This was quite a unique hardware design for Data East (Deco) – 4 tilemaps plus 2 sprite generators instead of the usual 1 and two 68000 CPUs to drive things instead of 1. Sprites could also be transparent (50% alpha blend in todays terms) – which was very rare in this era of coin-ops as transparency means you have to mix after the palette lookup and then send the result to the priority mixer.
|D-Con / SD Gundam, Seibu 68000 / Z80 hardware platform, dcon.c.
Pretty standard hardware for the time – graphics chips from Raiden bolted onto a 68000 CPU instead of V30.
|Bad Dudes / Robocop / Heavy Barrel / Hippodrome / Sly Spy / Midnight Resistance / Boulderdash / Birdy Try, Data East M68000 / 6502 hardware platform, dec0.c
Bad Dudes was the very first arcade game I emulated – I chose it because the romset was available and it ran on a 68000 CPU – something I knew from the Atari ST. The only other 68000 game in Mame at the time was Rastan so there wasn’t much reference material available. Luckily this hardware is fairly straightforward – logical tilemap arrays and a CPU mainly driven just by vblank interrupts. Bad Dudes does have an i8751 microcontroller for copy protection but it was fairly easy to patch. Robocop also had a bootleg ROM set available with the copy protection hacked out so I got that working fairly quickly also, but in fact it would be several years before I understood how the real protection worked on that game. There is an unmarked HuC6280 CPU on the Robocop game board and the 68000 actually writes the protection program to shared memory where the HuC6280 would execute it. A key detail was that there was a tiny 512 byte PROM also on the game board containing the interrupt vectors and bootstrap code for that CPU, and this wasn’t dumped until much later. Given the HuC6280 was not generally available in 1989 and it’s instruction set private this should have been a pretty strong protection.
|The Real Ghostbusters, Shackled, Last Mission, Oscar, Cobra Command, Gondomania, Captain Silver, Super Real Darwin, Data East M6809 / M6502 hardware platforms, dec8.c
Most of these games actually run on unique hardware but share common components – you can easily trace the development of these 8 bit Data East games to the 16 bit ones in terms of the graphics layouts and i8751 protection microcontrollers. Shackled & Oscar are particularly interesting CPU designs as they use dual M6809 cpus for game logic (plus M6502 for audio) – the cpus can signal each other via FIQ (fast IRQ) for task completion and use regular IRQ for vblank sync.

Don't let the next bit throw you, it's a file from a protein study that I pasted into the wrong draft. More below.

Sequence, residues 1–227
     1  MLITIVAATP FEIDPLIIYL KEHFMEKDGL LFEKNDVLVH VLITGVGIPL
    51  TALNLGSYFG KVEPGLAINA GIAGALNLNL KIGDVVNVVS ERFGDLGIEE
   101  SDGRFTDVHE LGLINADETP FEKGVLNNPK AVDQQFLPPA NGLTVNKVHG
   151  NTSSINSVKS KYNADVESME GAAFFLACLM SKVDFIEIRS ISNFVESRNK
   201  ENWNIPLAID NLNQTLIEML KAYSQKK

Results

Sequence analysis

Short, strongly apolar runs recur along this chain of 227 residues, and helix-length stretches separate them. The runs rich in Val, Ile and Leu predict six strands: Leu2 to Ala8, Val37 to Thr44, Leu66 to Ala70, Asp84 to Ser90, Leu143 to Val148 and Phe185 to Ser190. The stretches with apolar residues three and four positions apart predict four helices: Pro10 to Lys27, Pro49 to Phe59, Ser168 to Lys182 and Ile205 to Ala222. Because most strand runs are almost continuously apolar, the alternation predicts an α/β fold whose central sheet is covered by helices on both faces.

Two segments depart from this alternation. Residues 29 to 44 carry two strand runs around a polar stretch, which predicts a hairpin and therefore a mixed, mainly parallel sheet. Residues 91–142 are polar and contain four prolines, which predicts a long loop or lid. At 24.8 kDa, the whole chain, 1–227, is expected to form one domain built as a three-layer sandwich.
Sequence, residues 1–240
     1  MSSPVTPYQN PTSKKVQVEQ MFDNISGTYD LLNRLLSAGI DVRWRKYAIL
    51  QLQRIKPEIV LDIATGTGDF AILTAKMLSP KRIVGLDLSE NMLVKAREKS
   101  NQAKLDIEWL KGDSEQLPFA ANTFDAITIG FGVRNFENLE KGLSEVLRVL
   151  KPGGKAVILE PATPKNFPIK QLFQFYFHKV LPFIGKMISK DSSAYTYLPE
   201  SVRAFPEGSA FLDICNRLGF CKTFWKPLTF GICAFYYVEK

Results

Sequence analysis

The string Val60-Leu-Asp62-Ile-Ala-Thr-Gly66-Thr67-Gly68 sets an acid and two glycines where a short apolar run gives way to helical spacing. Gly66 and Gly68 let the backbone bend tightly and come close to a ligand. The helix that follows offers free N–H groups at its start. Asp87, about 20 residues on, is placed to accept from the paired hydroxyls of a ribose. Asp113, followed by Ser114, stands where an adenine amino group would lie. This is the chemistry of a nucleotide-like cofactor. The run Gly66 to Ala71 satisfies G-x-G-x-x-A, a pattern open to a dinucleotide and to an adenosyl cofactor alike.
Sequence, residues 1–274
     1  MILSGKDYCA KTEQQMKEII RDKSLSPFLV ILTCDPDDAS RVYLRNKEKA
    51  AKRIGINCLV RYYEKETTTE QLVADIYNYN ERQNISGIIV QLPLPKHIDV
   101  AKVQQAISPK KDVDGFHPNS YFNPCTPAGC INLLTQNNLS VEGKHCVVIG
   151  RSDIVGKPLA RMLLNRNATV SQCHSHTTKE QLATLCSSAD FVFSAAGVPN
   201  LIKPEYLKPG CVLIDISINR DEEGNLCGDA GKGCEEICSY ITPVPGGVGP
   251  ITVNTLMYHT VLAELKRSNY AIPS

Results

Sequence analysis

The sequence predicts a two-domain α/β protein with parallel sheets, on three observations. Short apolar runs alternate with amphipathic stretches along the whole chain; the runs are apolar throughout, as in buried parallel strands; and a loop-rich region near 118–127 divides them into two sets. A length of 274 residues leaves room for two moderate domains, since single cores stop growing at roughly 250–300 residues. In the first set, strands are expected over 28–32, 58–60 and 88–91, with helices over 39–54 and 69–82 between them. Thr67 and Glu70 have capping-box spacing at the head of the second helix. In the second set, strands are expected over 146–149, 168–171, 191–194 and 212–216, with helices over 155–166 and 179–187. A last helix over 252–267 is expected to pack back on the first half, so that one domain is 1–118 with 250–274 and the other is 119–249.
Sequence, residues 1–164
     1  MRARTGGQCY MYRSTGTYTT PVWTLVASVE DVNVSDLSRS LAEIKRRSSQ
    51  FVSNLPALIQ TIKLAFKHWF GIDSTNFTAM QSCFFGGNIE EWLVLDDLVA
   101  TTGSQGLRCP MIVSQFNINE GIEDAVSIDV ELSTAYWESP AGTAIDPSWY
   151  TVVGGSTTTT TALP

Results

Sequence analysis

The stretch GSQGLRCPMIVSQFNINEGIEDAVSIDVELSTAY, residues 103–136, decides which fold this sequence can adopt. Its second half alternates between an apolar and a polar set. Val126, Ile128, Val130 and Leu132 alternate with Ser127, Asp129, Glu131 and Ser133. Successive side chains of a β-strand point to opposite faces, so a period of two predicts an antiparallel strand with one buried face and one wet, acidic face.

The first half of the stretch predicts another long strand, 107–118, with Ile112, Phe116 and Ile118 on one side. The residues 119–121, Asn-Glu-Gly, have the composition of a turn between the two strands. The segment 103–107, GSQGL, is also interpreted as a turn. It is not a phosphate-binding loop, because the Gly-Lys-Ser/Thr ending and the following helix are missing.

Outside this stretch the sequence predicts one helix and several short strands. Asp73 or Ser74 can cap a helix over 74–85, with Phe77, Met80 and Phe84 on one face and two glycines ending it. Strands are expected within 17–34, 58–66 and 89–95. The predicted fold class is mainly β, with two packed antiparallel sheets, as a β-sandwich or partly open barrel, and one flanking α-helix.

|Tattoo Assassins / Dragon Gun / Captain America / Lock N Load / Fighter’s History / Night Slashers, Data East ARM / H6280 hardware platform, deco32.c|
|Heavy Smash / World Cup Volleyball, Data East ARM / H6280 hardware platform, deco156.c
For a long time emulation of these games was held up by the encrypted CPU program. It was suspected the CPU itself was an ARM variant, same as Fighters History / Dragon Gun, etc, but the program was encrypted to the point of essentially appearing as static noise. If I remember right the catalyst to breaking this was a bootleg version of Pocket Gal Dx that was found – this allowed a comparison of unencrypted and encrypted and to work out exactly what occured on the CPU die to translate the incoming program to the clear version. Nicola Salmoria worked this out and to this day I’m still in awe of that work – just look at machine/deco156 and see if you can come up with that from the source material! Nicola also worked similar magic with the Deco56 encrypted tilemap chip.
|Skull Fang / Hoops 96 / Avengers In Galactic Storm / Stadium Hero 96, Data East SH2 / ARM / H6280 hardware platform, deco_mlc.c
This was Data East’s final coin-op platform, designed to shift a massive number of sprites around. The actual implementation definitely seems a little strange in the use of indirection – usually an arcade sprite chip reads instructions from ‘sprite ram’ and directly looks up graphics tiles from those instructions. The MLC hardware used that bank of sprite ram to look up a second bank of sprite ram that could either be in ROM or RAM. That second bank then pointed to a further table of sprite indices that could again be in ROM or RAM, and those final indices actually referenced the sprite data ROM chips. It certainly seems hard to see any advantage in this method as it must have used much more complex silicon and addressing.
|Diet Gogo, Data East M68000 / H6280 hardware platform, dietgogo.c
Essentially Data East’s ‘budget’ hardware of the era – 2 tilemaps & sprites.
|Dangerous Dungeons / Thunderstrike / Dark Tower, Technos M6809 hardware platform, ddragn.c
At one point I made contact with the original author of these 3 games – all were conversions for Double Dragon – or in other words new software to run on the Double Dragon hardware. Arcade operators could then upgrade a DD cabinet at cheaper cost than a full new game. This kind of upgrade was definitely not sanctioned by hardware manufacturer Technos however!
|Dynamite Duke / Double Dynamites, Seibu V30 * 2 / Z80 hardware platform, dynduke.c
Similar hardware to Raiden, triple CPU design with 2 main logic processors and dedicated audio CPU.
|Funky Jet, Data East M68000 / H6280 hardware platform, funkyjet.c
I believe this software was developed by Mitchell (Pang, etc) rather than Data East. The hardware is pretty similar to the Tumble Pop pcb.
|Ground Effects, Taito M68020 / M68000 hardware platform, groundfx.c
Like Under Fire, Super Chase and Gun Buster this hardware was a development from the ‘Taito Z’ system of pseudo 3d games (Chase HQ, etc), and shared components with the early F3 games – the 32 bit 68020 main CPU and the powerful 68000/Ensoniq audio system.
|Gun Buster, Taito M68020 / M68000 hardware platform, gunbustr.c
See Ground Effects.
|Haunted Castle, Konami, hcastle.c